So, the article in the NYT sparked some interest and we had some long conversations with some friends, an environmental scientist and a botanist, basically, about “terraforming.” There was a “plan” and contact information in the NYT. So, we were giving the idea some serious consideration. After a few weeks of calls and waiting for responses, a man at the embassy told us that the program had been dropped. It had seemed pretty shaky from the beginning, since there was literally one woman handling the whole program and she never seemed to be there. It was just a pipe dream and big false start on both sides.

    If they leave the Eurozone, they will see an increase in tourism. It was always a bargain. If any of you Floridians have ever been to Tarpon Springs, you’ll see the same cheesy tourists items for sale as you would in Greece. The food will be consistently better. But, that’s a hardscrabble road, and they deserve more. Maybe we have the technology to address some of the basic dependencies and deficiencies that the Greeks have lived with for decades, maybe not. But, it will take a long term commitment on both sides, and that doesn’t seem in the cards just yet.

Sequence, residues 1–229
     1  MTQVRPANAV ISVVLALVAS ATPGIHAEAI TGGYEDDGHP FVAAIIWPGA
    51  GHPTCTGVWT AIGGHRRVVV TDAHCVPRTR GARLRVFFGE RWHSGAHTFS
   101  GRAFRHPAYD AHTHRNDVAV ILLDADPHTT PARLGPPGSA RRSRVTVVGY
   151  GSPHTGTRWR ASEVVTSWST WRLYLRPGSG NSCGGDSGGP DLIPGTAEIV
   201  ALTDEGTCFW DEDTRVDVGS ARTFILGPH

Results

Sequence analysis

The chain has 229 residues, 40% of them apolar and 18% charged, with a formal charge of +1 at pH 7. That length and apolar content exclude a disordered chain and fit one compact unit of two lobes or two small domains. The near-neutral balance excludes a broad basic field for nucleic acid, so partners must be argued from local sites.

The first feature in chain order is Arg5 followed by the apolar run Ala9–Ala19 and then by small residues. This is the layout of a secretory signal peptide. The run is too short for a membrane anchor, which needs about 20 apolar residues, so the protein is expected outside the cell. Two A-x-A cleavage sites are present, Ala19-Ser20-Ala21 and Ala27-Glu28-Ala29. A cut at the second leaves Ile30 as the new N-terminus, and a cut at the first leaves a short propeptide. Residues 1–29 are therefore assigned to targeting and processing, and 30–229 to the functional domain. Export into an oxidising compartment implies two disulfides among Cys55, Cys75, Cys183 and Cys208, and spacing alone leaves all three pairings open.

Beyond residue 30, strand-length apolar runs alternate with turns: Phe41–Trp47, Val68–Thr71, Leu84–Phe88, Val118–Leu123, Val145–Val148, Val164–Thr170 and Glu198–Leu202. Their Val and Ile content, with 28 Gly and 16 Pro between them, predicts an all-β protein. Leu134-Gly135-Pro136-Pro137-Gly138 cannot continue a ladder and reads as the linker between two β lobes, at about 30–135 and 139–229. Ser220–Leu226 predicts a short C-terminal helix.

One thing for sure, plunging a generation of Greeks into economic crisis as punishment for failing to conform to the economic model favored by the masters of the universe is gratuitously mean spirited and fruitless.

    I’ve done it again, haven’t I?

    • “One thing for sure, plunging a generation of Greeks into economic crisis as punishment for failing to conform to the economic model favored by the masters of the universe is gratuitously mean spirited and fruitless.”

      Exactly. Sums it all up for me.

  10. Well said, Goatherd!

    I’ve never made it to Greece and likely never will, so your memories of visits there are priceless. Thank you for sharing them.

  11. As Conan O’Brien said: “Poor Greeks they’ve had a rough couple thousand years”!

    The way I understand the situation the Greeks were too far in dept when the joined the EU, so of course some banksters said oh don’t worry we’ll assume your dept then when your in the EU everything will be great, well it didn’t quite work that way, I’m sure someone got rich just wasn’t the Greeks!